Among the many kitchen design trends projected for 2019 is one you might want to consider employing in your own kitchen. It’s called integration, and it can prove especially useful if you’re planning a large-scale kitchen remodel for your Atlanta home.
The integrated kitchen
An “integrated” kitchen is one where the looks of cabinetry and appliances match, giving the room a seamless and uniform appearance. Often, the appliances are placed in niches so they stand flush with cabinets and countertops.
Integration is commonly seen in modern kitchens where stainless steel refrigerators and ovens blend with drawers and doors of the same material, but it can also be applied to other room styles. For example, a rustic kitchen can be integrated if wooden furniture and paneling are finished to mimic the color of appliances. Alternatively, appliances can be custom-finished to mimic cabinetry – such as by having a refrigerator’s doors look like a cabinet front.
These approaches illustrate the difference between partial integration, which simply keeps appearances consistent, and full integration, which completely “hides” appliances.
Integration is largely a matter of personal taste and preference, but there are also practical benefits to doing it:
- If your kitchen space is small, a sleek look can make it seem larger.
- If you want more floor space, integrating appliances can help open up room, since everything will be set into or against walls.
- An integrated kitchen lends more visual appeal to an open floor layout.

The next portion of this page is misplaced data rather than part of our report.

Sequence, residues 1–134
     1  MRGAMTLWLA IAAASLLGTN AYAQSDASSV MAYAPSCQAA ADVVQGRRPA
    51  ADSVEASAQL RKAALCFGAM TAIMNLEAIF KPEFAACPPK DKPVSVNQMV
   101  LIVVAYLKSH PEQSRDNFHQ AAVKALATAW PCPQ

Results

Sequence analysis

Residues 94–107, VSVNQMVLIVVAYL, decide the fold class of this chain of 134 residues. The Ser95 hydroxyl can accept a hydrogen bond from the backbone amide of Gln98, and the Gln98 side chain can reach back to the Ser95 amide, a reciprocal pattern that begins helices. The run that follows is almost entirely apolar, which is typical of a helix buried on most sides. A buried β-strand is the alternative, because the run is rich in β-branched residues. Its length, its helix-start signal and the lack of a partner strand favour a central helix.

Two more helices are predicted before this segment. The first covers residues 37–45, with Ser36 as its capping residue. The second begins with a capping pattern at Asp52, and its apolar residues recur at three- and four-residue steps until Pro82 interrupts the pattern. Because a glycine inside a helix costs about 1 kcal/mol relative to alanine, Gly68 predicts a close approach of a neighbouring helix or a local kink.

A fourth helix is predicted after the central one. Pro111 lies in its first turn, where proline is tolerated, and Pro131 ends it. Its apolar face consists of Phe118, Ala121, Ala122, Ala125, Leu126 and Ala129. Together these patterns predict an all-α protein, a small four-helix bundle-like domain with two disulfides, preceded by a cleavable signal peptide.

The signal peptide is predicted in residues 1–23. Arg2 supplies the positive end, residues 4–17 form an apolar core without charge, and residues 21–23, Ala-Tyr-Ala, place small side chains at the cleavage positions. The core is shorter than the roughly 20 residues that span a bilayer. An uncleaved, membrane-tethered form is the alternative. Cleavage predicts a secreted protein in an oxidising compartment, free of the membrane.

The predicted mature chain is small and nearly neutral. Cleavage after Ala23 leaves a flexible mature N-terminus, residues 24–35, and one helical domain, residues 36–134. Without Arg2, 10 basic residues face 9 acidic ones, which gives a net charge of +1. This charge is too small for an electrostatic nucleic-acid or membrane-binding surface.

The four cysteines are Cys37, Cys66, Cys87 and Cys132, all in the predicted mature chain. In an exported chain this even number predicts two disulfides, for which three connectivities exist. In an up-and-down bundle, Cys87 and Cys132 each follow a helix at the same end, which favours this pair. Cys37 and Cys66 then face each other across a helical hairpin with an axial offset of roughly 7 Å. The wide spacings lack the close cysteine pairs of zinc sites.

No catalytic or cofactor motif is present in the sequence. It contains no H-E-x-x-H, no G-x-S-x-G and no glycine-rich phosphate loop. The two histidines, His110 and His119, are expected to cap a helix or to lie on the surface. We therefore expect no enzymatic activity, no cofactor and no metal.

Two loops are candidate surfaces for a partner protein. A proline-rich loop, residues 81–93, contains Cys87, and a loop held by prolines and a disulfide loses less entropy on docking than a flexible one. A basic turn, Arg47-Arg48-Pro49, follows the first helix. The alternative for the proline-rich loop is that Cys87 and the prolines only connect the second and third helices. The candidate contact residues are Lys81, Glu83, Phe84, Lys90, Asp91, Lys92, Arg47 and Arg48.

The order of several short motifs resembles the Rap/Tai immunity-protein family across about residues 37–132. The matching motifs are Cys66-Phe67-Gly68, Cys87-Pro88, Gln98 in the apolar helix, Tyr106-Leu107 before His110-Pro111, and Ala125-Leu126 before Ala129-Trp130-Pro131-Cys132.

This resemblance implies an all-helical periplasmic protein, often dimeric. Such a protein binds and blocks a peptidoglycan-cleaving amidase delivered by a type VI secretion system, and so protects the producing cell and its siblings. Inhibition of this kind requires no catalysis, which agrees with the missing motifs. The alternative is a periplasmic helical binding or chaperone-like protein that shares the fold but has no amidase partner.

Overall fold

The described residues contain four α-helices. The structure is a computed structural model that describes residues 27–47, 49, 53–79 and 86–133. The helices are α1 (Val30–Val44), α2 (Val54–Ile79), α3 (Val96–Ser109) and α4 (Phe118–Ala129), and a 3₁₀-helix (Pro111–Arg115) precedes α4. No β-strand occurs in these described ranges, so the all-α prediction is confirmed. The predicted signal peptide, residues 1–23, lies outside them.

- If you entertain new guests often, the seamless design could always serve as a conversation piece. As Young Huh tells ElleDecor.com, “You no longer need to see appliances sticking out everywhere anymore and that’s the new face of luxury.”
How would you integrate your kitchen?
You need to discuss two key points with your Atlanta contractor if you’re thinking of integrating your kitchen:
- Current kitchen layout. An integrated kitchen hinges on niches, nooks, and other recessed areas to hold appliances. Can you build an integrated kitchen from your current layout? Or will you need to tear it down to create a brand-new open plan instead? Take note that the presence of existing nooks isn’t enough; they will also need to be deep enough to accommodate refrigerators, ovens, and the like to your intended effect.
- Built-in and slide-in appliances. You could have your appliances built into nooks, or just slide them in later. Built-in ones make for a more streamlined and space-saving look. However, maintaining and repairing them take more time and labor, since parts and wires are buried deep inside or behind cabinetry.
If the idea of kitchen integration appeals to you, Sterling Works can advise you on how you can proceed with this kind of kitchen remodel.
What to Expect from Kitchen Designs in 2019, ElleDecor.com
Integrated Appliances 101, KitchenDesignConcepts.com
5 Differences Between Partially and Fully Integrated Appliances, KitchenMagic.com